Stereotypes about cultural differences go both ways, and Clara was surprised by some of the impressions that people in Syracuse had about her home country. “I remember there was one person that had been to Belgium before and said that Belgian people don’t really smile and are always in a rush. I just had to laugh because I have to admit that sometimes I also don’t smile and rush for no reason.” In general, however, she found that “not a lot of people knew about Belgium. The funny question that I always got asked was if I spoke Belgian so when I was speaking about Belgium, I was always telling them that there are actually three national languages. I also told them to never say ‘French fries’ to me but just ‘fries’ because Belgium definitely has the best fries.”
EducationUSA Academies include extracurricular activities to introduce students to nearby attractions and give them a taste of the undergraduate student experience. During Clara’s time at Syracuse, students visited Niagara Falls, the famous group of waterfalls at the border of the United States and Canada.
However, it was the more ‘normal’ student activities — like game night at the dorms or an ice skating trip — that stand out as Clara’s favorite moments of her time in Syracuse.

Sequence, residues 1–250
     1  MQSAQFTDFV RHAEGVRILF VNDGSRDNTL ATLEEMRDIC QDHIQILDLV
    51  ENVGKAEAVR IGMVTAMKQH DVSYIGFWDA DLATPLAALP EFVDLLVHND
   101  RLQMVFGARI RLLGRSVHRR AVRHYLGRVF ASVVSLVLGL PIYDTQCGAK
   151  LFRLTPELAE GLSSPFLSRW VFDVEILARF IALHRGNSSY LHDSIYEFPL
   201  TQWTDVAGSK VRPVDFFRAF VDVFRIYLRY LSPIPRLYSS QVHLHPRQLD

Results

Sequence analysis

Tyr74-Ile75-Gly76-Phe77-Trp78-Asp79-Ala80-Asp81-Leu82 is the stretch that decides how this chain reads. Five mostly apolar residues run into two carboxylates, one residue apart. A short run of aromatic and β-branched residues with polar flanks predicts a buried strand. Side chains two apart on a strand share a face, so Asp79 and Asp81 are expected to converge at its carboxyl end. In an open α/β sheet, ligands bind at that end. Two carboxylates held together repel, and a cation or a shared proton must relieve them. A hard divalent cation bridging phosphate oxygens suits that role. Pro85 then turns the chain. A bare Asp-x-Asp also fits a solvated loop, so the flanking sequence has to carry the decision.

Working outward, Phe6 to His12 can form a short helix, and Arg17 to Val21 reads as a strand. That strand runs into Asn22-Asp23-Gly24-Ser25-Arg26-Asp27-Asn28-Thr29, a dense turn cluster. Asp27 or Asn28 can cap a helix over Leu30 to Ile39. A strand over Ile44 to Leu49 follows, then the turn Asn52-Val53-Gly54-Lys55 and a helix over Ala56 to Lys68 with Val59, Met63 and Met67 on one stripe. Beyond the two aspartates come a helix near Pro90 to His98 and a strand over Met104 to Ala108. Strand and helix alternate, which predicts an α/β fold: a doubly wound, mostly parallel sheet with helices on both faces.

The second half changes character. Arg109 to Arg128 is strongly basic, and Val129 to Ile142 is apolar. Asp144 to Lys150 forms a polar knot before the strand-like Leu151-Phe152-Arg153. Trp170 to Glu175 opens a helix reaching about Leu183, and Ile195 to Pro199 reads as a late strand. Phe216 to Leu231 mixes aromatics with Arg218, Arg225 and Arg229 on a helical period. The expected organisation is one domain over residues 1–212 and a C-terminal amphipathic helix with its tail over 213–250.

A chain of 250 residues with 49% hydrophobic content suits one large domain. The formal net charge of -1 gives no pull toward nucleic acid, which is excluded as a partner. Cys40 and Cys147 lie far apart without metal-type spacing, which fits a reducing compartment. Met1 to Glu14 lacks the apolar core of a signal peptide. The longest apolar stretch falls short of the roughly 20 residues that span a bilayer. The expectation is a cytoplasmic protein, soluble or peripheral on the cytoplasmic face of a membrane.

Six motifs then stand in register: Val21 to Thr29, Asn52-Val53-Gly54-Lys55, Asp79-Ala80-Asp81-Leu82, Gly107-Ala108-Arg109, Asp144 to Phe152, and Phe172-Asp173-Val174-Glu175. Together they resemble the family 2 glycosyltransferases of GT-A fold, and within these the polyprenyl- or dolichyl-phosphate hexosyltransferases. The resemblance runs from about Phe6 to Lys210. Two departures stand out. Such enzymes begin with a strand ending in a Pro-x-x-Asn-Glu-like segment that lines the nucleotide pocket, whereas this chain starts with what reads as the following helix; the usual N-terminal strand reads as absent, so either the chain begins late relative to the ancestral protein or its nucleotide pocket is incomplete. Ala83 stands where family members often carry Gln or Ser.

“Even though I loved the trip to Niagara Falls, I just can’t forget about the ice skating trip!” she told us. “During that trip I spoke and laughed with a lot of students that I only had seen once at the dorms or even not at all and so that trip created new friendships. People that had never spoken to each other were helping each other (and) falling together …. I actually almost fell because I’m really bad at ice skating and almost dragged a friend with me we couldn’t stop laughing about it. And when we were in the bus to go back to campus, I really felt as if we were one big group, there was music playing, people started cheering for no reason sometimes but it was so much fun, because it brought us all closer.
Travelling far away from home came with challenges, too. Clara remembered: “There was a day where, for some reason I just really missed my mom and I just had to talk to her. I also missed my cat a lot. Unfortunately, I didn’t see a lot of cats there, but thankfully all of the dogs that I petted at the park made up for that.” And keeping so busy on campus meant missing out on other normal summer activities, like watching a favorite anime program.
Now that she is back in Belgium, however, Clara has a whole list of reasons to feel homesick for Syracuse. When asked what she missed most, Clara said: “Definitely my friends and my professor, because she was truly amazing and really funny. I will also miss the nature because there were so many green and beautiful places that I never thought I would see in my life. And even though the course was intense I will miss it a lot because I’ve learned so much in such a short period of time.”